what one biscuit and five minutes can do to you

Yesterday, a visiting faculty in college had an interesting activity planned for us. Bear in mind that his subject is photography and he was trying to teach us about the basic aesthetics of everything.

He opened two packets of the homely Parle-G biscuits and distributed one biscuit to each student present in class. With my fingertips gently stroking the edge of the biscuit, I could feel myself alternating between temptation and curiosity.

He then asked us to spend a whole of five minutes chewing on the biscuit. That’s not it, though. He especially requested us to spend those five minutes completely immersed in the act of consuming it, to pay attention to every detail of the biscuit and ourselves devouring the biscuit.

The result of this experiment was expected but it made me smile anyway. A lot of people shared their views, describing how, for the first time, they noticed the intricate detailing of the biscuit that they had been having for the past eighteen years; for some it brought back nostalgic memories and for others it amplified the feeling of desire and contentment.

Personally, the experiment bore a slightly long-term effect on me. (One I shared in class after a lot of hesitation)

More than the biscuit, I realised, I was paying attention to myself; the way my fingertips wouldn’t leave the edge of the biscuit, the constant movement of my legs, the anxiety upon having to chew so slowly (I normally eat way too quickly for my own good), the way my mouth preferred dissolving the biscuit and then gulping it down and the way my mind kept drifting off to the slow thumping of my heart in the silent room.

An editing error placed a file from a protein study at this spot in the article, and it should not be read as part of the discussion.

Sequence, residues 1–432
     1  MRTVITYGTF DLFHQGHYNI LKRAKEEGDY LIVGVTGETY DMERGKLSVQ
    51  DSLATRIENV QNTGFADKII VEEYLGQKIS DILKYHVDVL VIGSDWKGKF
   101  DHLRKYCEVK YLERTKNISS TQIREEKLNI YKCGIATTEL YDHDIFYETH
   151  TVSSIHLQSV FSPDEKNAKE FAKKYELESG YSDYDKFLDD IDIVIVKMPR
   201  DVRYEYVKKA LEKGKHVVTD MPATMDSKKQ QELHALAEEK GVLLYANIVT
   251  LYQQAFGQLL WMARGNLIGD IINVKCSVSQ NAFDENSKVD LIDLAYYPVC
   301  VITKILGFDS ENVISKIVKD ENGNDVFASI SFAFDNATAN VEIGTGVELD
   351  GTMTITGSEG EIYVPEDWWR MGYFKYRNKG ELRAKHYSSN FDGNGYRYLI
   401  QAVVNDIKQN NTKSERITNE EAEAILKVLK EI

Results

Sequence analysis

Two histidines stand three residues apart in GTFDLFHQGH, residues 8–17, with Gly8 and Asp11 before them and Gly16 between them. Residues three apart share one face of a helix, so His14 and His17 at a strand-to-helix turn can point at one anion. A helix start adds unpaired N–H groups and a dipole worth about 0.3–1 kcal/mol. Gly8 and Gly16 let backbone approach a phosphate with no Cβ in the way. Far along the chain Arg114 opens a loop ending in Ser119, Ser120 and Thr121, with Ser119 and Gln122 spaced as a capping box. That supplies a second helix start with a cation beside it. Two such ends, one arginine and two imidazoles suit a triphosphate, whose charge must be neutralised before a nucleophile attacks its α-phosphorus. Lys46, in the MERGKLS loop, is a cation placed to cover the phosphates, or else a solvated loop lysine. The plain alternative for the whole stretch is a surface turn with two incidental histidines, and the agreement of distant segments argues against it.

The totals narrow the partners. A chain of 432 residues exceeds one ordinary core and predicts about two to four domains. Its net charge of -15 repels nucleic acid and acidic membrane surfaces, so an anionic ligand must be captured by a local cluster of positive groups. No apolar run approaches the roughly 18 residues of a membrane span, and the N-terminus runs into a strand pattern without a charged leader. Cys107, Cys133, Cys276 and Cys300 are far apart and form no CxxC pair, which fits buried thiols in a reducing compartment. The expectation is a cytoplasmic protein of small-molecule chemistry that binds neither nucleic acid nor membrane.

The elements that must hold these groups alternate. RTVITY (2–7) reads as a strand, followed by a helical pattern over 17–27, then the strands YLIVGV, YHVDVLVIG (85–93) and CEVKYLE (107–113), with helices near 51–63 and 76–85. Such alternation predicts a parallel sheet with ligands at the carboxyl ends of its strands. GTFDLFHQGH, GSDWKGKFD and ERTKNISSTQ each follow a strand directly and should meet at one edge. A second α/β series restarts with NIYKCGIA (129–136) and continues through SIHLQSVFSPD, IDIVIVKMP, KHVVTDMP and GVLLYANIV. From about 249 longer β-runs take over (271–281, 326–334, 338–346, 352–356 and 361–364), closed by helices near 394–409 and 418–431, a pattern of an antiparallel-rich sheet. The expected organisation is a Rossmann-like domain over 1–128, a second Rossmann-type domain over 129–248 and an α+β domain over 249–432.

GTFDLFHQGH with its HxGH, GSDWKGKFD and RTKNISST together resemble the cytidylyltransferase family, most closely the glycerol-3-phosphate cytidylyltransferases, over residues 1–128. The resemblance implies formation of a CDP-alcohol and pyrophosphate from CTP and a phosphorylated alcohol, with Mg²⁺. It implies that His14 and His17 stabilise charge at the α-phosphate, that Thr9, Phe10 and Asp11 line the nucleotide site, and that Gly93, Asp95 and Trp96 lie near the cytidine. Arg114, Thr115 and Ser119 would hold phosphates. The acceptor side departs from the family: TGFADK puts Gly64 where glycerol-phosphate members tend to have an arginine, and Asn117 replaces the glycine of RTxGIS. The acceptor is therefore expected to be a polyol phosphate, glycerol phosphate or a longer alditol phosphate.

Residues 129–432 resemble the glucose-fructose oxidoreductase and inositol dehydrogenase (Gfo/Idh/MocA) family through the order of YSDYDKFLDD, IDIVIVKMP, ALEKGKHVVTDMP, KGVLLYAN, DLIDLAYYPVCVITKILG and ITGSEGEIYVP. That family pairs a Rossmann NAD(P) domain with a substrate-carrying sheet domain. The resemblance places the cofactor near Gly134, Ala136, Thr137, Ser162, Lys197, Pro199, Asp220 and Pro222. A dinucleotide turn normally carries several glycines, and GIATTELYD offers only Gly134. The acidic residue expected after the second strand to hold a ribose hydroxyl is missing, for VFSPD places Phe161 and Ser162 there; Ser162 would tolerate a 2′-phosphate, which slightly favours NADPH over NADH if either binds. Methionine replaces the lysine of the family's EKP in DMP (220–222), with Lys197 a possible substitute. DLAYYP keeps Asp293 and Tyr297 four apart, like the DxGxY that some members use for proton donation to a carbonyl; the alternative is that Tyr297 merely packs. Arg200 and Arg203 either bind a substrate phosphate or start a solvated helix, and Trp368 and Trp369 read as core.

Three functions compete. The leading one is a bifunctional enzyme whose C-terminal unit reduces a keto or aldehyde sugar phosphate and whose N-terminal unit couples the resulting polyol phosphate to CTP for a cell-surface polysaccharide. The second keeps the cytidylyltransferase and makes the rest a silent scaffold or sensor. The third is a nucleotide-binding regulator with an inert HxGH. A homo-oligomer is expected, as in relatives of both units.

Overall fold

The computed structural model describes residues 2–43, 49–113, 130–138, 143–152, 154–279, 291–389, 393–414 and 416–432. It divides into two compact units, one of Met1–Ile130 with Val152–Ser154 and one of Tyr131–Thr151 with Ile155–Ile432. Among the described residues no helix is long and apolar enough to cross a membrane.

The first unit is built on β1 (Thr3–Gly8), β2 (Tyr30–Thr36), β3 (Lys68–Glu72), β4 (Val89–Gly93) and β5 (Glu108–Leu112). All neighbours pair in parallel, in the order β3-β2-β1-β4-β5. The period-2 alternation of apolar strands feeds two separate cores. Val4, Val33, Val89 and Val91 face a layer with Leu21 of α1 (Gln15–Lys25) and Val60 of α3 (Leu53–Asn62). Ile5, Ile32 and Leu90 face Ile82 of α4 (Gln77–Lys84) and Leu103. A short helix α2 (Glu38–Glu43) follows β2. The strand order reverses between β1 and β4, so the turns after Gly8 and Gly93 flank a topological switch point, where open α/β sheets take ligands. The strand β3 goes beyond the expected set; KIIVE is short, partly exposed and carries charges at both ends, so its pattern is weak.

It was all so… mundane! But beyond imagination.

I noticed how, subconsciously, I’ve been aware of all these things but the actual awareness hadn’t arrived until then.

I was smiling the entire time, simply because of how fascinated it left me!

Coming to the long-term effect: I became more aware of myself. All of my senses suddenly felt very active to the extent that I heard every word of the remaining half of the lecture better than I have heard any other lecture throughout the semester. I even mentioned this to the professor before leaving and he said-

“Do you realise how it’s all inside you?”

And that gave me so much to think about.

This whole experiment left me with so much. The rest of my day was a joy ride! His pep-talk inspired me, too, as a result of which I did a few irrelevant things that made me feel a little more at peace with the world, and myself. Surprisingly, I slept early that night, after I don’t know how many weeks, and woke up at 6 AM sharp the next morning! (As you can see, I’m clearly very enthusiastic about waking up early in life)
I don’t behave like one, but I really am a morning person. I do most of my productive work in the morning. But lately, it has been quite hard to stick to old habits but I’m going to try to fit go back to my schedule.

It’s healthier and my days go better.

So, why not give it a try?

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2 thoughts on “what one biscuit and five minutes can do to you

  1. This was fascinating to read about, it’s a lot to chew on.
    Reminds me of another experiment, slightly akin to this- people are divided into pairs of 2 and made to stand-one in front and their partner behind them.
    Now, the person ahead is told to fall to the back. The person behind them is perfectly postioned (and able) to catch them when they do so, and they wont hit the ground.
    However, the person ahead, in every case I saw, never fell back. People simply don’t have enough security to fall back. It brought out the extent of which we don’t trust others with ourselves.

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